PARIS, June 22 (Reuters) - Europe risks losing the critical mass it needs in terms of military capabilities unless negotiations on Britain’s exit from the European Union preserve close ties on defence matters, a European industry executive said on Thursday.
Antoine Bouvier, chief executive of missile maker MBDA, said failure to agree on a “new association” on defence could have significant negative implications for both sides, as well as the United States.
“Without the UK, with its capabilities, technologies, industry and programmes, we the remaining 27 states will have more difficulties to achieve critical mass in terms of budget, in terms of industrial capabilities,” Bouvier told Reuters in an interview at the Paris Airshow.
“So we will have to find a way to maintain the right access for the UK to the EU defence initiatives,” said Bouvier, whose company is owned by Airbus Group, Britain’s BAE Systems Plc and Italy’s Leonardo Finmeccanica SpA.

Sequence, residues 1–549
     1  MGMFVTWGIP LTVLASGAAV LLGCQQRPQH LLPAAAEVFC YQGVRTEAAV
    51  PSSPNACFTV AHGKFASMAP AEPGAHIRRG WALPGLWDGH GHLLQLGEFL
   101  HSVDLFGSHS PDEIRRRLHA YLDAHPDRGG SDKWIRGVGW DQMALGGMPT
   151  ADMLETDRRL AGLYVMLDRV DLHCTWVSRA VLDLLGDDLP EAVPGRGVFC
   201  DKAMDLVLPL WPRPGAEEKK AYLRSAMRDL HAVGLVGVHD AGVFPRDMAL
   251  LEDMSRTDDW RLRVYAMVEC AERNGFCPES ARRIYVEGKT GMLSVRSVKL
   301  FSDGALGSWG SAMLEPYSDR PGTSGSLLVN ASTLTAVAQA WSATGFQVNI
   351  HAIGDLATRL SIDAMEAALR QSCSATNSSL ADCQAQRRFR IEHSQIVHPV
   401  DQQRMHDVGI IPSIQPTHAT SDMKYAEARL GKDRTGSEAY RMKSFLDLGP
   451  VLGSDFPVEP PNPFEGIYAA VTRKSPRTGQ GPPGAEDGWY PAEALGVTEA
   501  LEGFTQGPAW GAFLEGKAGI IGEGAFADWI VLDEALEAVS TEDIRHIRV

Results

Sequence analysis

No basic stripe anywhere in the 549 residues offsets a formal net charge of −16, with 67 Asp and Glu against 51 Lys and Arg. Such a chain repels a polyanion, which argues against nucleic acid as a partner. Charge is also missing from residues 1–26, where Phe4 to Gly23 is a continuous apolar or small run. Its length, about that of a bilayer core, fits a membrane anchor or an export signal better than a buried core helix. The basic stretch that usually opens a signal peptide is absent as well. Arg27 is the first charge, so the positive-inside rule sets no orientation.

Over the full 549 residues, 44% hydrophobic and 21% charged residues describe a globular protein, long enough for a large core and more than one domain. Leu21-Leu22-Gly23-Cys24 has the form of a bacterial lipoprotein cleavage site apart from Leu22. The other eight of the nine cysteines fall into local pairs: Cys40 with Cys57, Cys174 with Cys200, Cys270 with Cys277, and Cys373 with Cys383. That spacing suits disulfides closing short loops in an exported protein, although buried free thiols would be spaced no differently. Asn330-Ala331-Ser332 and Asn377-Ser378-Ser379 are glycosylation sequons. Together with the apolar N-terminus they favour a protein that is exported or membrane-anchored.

EU leaders are meeting in Brussels on Thursday and Friday to discuss defence, security and other issues, including Brexit.
EU Commission President Jean-Claude Juncker this month urged EU governments to forge a tighter military alliance, given Britain’s decision to leave the bloc and U.S. President Donald Trump’s lukewarm stance on the Washington-led North Atlantic Treaty Organisation.
Although the EU has more than a dozen military missions abroad, the world’s biggest trading bloc has never been able to match its economic might with broad defensive power, preferring to rely on NATO instead.
Monika Hohlmeier, a German member of the European Parliament and chair of the Sky & Space Intergroup, told Reuters she was open to Britain remaining engaged in defence and security matters, but only if it stopped blocking EU initiatives.
“There can’t be the cherrypicking that we’ve seen in the past,” she said. “The Britons have to make up their minds where they want to participate, and then they have to contribute.”
France, Germany and Italy want ways to pay for common military missions abroad, to be able to use EU battlegroups for the first time and for industries to collaborate and develop weapons and helicopters that can be used by all EU armies. (Reporting by Andrea Shalal; editing by John Stonestreet)